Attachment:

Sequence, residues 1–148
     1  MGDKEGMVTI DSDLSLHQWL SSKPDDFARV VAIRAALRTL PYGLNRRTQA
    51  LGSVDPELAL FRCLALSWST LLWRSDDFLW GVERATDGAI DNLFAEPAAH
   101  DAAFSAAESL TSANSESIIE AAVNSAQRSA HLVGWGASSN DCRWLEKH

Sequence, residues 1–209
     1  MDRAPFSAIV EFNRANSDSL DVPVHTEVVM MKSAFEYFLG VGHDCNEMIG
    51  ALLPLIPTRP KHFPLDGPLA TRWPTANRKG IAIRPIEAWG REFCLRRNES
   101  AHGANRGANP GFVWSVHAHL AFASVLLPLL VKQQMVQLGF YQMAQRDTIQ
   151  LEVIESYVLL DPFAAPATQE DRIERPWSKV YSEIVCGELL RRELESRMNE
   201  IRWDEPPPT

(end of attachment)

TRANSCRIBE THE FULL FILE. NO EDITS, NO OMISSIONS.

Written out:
Sequence, residues 1–148
     1  MGDKEGMVTI DSDLSLHQWL SSKPDDFARV VAIRAALRTL PYGLNRRTQA
    51  LGSVDPELAL FRCLALSWST LLWRSDDFLW GVERATDGAI DNLFAEPAAH
   101  DAAFSAAESL TSANSESIIE AAVNSAQRSA HLVGWGASSN DCRWLEKH

Sequence, residues 1–209
     1  MDRAPFSAIV EFNRANSDSL DVPVHTEVVM MKSAFEYFLG VGHDCNEMIG
    51  ALLPLIPTRP KHFPLDGPLA TRWPTANRKG IAIRPIEAWG REFCLRRNES
   101  AHGANRGANP GFVWSVHAHL AFASVLLPLL VKQQMVQLGF YQMAQRDTIQ
   151  LEVIESYVLL DPFAAPATQE DRIERPWSKV YSEIVCGELL RRELESRMNE
   201  IRWDEPPPT